You play for a pre-determined number of rounds. (We found 5 rounds worked nice with just two people.) If no-one actually goes bust (gets zero results) before the end of the game, then the person with the lowest score wins.

The game actually finishes pretty quickly, especially if someone gets zero results early on. So just to keep playing we started doing things like best 3 games out of 5, or best 5 games out of 7.
Initially we had the loser of one game go first for the next game, but if someone is having particularly bad luck this could cause them to have a run of several zero results right in a row. So the winner of each game goes first on the next game.

You could maybe also fool around with having the winner pick a new phrase for each game to keep things fresh. (Obviously it has to be something you can potentially put different endings on.) Although we were having pretty good results for our phrase, so we just stuck with the same phrase all the way through.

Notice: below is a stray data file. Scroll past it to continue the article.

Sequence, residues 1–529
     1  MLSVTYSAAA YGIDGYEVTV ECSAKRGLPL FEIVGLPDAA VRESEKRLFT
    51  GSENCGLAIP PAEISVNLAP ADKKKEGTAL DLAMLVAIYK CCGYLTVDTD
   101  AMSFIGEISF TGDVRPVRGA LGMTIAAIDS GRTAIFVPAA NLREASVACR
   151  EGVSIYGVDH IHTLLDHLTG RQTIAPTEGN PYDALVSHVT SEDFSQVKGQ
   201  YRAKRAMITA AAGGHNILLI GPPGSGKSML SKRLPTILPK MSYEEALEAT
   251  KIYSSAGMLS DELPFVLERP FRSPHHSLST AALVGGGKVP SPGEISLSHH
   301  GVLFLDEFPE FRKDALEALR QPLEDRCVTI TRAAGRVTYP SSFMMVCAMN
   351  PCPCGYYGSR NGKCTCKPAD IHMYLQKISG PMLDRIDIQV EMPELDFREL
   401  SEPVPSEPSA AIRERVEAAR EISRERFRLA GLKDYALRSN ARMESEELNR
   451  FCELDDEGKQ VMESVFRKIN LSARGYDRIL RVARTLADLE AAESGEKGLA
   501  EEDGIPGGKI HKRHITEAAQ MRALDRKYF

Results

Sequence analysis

Also we were just playing with two people, but there’s no reason why you couldn’t expand this game to a bigger group. You may want to adjust the number of rounds depending on the size of the group.
With more than two people, if someone goes bust you can have a loser, but no clear winners. But that’s okay, there are other games that work like that (Jenga, for example). You could make it more interesting by having some sort of punishment for the loser.
Or you could just total up all the scores at the time someone goes bust, and have the lowest score at the time be the winner.

Probably a lot of other details and variations you can work out by yourself. Feel free to use this, run with it, and just change it up as you like. If you stumble upon any great improvements, let me know in the comments sections. But probably to a large extent the simplicity of this game is its beauty.


To the best of my knowledge, this is a completely original idea. But it does almost seem a little bit too obvious. Odds are probably somebody out there thought of this before me. Has anyone else ever done something like this, or heard of something like this before?

Link of the Day
Noam Chomsky Forgotten History